3. Six-Gun Snow White by Catherynne M. Valente (Subterranean Press) - Here we have a retelling of the Snow White story, this time set (as the title suggests) in the old American West. Valente apparently looked at the original Grimm tale and decided that it was not nearly dark enough. Considering that the original story ends with the wicked stepmother being forced to dance herself to death while wearing glowing-hot iron shoes, that's saying something. Snow White is abused rather heavily throughout the story, first through a neglectful father, then through the wicked stepmother. She eventually runs away (a key difference from the original story), and seeks some semblance of peace with Valente's version of the 7 dwarfs (which are really just 7 other spurned and abused women who had banded together in the woods...) Some of these updates work well: Making Snow White a badass gunfighter is fantastic, and I like the take on the huntsman (their encounter is very different from the original story, and the highlight of this novella for me, as after this encounter, I feel like the story sorta falls apart). Other changes are perhaps less successful, and the pacing, especially in the middle of the novella, can be challenging. The ending does manage to go to an unexpected place, but I found that the story had basically lost me by that point. It is perhaps unfair to judge this based on the original work, but like all remakes, it begs that question. It also made me want to go back and read Neil Gaiman's short story Snow, Glass, Apples, which I found to be a much more interesting and successful subversion of the original tale. That being said, I fully expect this to win the award.
  4. The Butcher of Khardov by Dan Wells (Privateer Press) - Media tie-in fiction holds a weird place in fandom. On the one hand, I feel like most readers cut their teeth on stuff like this (for me, it was Zahn's Thrawn trilogy), and they seem to sell like hotcakes, but they never seem to garner any real respect. This is another "Sad Puppy" nomination, so I'm afraid it won't change that trend. Also, it's not that great. Wells does his best, and I can see talent here, but some of the basics just don't work for me here. The quasi-steampunk setting is one that holds little interest to me, and this is clearly aimed at folks who are fans of Warhammer. I wasn't super confused or anything, so it kinda worked as a stand-alone, but it really felt like it was providing a backstory to an existing character. That might be fine, but this character seemed like a villain, and his motivation (quasi-avenging his murdered love) is a pretty overplayed trope. I don't know if Wells was handcuffed by that or if he had the freedom to come up with what he wanted and chose this anyway, but in either case, it wasn't something that worked that well for me. Wells tried his best to make it interesting, with a complicated non-linear narrative and plenty of action, but it all fell rather flat for me. I would be very curious to see if a media tie-in work could ever be nominated and win, but this is clearly not the story to break that ground.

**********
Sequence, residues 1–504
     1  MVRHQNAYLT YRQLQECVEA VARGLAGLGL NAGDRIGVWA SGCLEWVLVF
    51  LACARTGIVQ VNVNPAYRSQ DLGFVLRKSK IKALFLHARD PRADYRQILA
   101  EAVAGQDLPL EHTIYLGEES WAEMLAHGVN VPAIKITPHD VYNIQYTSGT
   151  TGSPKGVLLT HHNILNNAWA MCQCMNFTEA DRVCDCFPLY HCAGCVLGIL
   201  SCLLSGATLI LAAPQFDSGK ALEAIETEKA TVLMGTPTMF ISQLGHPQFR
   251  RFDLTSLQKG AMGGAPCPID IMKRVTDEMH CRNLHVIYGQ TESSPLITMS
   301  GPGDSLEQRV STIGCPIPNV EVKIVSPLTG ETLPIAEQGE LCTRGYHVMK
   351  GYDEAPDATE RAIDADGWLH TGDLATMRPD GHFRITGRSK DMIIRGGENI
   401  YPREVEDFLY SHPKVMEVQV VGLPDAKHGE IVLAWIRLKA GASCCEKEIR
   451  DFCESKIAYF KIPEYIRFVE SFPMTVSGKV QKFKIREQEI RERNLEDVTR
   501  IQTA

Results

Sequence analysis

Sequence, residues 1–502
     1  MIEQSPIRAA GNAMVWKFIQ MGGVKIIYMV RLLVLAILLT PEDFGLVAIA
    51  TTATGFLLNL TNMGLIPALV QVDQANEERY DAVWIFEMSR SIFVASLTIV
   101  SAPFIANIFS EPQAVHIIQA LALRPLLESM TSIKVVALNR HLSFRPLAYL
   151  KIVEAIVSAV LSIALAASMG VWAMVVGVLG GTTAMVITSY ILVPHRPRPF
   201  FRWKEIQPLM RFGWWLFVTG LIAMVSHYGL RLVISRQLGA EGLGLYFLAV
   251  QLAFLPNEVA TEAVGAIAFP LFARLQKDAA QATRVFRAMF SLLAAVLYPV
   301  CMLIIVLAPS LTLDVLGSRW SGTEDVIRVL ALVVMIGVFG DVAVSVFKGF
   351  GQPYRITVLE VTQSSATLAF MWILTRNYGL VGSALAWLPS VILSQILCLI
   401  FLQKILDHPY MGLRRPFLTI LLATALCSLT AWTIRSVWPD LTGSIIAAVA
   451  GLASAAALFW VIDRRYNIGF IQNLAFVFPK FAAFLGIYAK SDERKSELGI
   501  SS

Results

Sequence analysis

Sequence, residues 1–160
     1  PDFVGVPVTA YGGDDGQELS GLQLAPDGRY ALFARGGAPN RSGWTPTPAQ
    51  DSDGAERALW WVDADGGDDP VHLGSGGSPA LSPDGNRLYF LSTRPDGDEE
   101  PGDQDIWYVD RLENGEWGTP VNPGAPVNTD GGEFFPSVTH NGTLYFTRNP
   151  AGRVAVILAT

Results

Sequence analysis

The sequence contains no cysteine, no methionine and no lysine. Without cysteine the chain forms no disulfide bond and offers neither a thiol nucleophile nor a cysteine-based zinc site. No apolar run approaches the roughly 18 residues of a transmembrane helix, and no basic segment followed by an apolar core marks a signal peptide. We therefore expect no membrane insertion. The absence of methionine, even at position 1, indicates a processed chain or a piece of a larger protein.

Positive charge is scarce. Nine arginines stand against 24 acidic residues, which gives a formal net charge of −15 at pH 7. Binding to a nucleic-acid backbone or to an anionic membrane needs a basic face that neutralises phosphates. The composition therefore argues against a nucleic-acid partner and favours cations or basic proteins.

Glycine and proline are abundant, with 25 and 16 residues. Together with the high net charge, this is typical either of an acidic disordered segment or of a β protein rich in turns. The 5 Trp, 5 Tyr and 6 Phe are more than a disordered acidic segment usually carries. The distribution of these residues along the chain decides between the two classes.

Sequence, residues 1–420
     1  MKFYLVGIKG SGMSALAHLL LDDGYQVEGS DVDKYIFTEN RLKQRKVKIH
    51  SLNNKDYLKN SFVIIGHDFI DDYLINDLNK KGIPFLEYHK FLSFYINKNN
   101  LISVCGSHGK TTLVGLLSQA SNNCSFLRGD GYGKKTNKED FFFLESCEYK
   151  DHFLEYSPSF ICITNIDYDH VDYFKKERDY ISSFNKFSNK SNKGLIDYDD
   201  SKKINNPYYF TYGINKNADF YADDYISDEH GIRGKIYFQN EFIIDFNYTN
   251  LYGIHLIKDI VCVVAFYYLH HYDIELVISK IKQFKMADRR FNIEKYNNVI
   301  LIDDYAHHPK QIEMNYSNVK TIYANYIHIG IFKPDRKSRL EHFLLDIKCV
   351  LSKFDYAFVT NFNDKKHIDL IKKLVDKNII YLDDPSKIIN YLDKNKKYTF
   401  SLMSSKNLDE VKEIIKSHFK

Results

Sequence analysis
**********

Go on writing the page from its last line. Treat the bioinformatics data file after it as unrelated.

5. "Wakulla Springs" by Andy Duncan and Ellen Klages (, 10-2013) - Here's the thing: this isn't science fiction. It's not even fantasy (except insofar as all fiction is fantasy). We could quibble about a few things. It has references to Tarzan and The Creature from the Black Lagoon, but those are barely even window-dressing. There are two sentences close to the end of the story, but neither are very important. What we really have here is a series of slice-of-life vignettes told in a literary historical fiction style. As those things go, it's good, maybe even fantastic, but it's baffling to me that this has been nominated for a Hugo. I read the whole thing, but it's pretty emphatically not what I'm looking for out of SF/F. I get that there are some folks who think this is pushing boundaries and growing the genre or something, but I don't see it at all. I don't mind reading outside my comfort zone, and I'm glad I read this, but I have a really hard time trying to consider this a genre story. I've always said that genres are blurry around the edges, but there needs to be some semblance of the core of a genre, and this one is so far from the outskirts that calling it SF/F would be to call most any story SF/F.
Of the situations where I would consider deploying No Award (and/or leaving a work off the ballot), Wakulla Springs might take the cake. But then, judging from the other folks playing along, I'm way more hesitant to use No Award than anyone else.